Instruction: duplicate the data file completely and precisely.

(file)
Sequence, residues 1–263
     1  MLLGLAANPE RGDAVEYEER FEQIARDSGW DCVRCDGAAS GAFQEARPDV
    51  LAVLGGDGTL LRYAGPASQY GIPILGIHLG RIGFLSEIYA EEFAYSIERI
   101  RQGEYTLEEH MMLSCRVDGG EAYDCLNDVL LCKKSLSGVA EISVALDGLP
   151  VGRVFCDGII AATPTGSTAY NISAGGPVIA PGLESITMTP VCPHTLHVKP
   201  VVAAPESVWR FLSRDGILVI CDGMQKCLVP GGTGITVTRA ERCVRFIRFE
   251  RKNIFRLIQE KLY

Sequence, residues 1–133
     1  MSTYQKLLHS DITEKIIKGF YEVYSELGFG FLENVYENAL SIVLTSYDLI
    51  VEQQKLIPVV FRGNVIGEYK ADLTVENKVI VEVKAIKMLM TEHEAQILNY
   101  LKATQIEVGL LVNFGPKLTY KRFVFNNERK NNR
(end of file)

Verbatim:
Sequence, residues 1–263
     1  MLLGLAANPE RGDAVEYEER FEQIARDSGW DCVRCDGAAS GAFQEARPDV
    51  LAVLGGDGTL LRYAGPASQY GIPILGIHLG RIGFLSEIYA EEFAYSIERI
   101  RQGEYTLEEH MMLSCRVDGG EAYDCLNDVL LCKKSLSGVA EISVALDGLP
   151  VGRVFCDGII AATPTGSTAY NISAGGPVIA PGLESITMTP VCPHTLHVKP
   201  VVAAPESVWR FLSRDGILVI CDGMQKCLVP GGTGITVTRA ERCVRFIRFE
   251  RKNIFRLIQE KLY

Sequence, residues 1–133
     1  MSTYQKLLHS DITEKIIKGF YEVYSELGFG FLENVYENAL SIVLTSYDLI
    51  VEQQKLIPVV FRGNVIGEYK ADLTVENKVI VEVKAIKMLM TEHEAQILNY
   101  LKATQIEVGL LVNFGPKLTY KRFVFNNERK NNR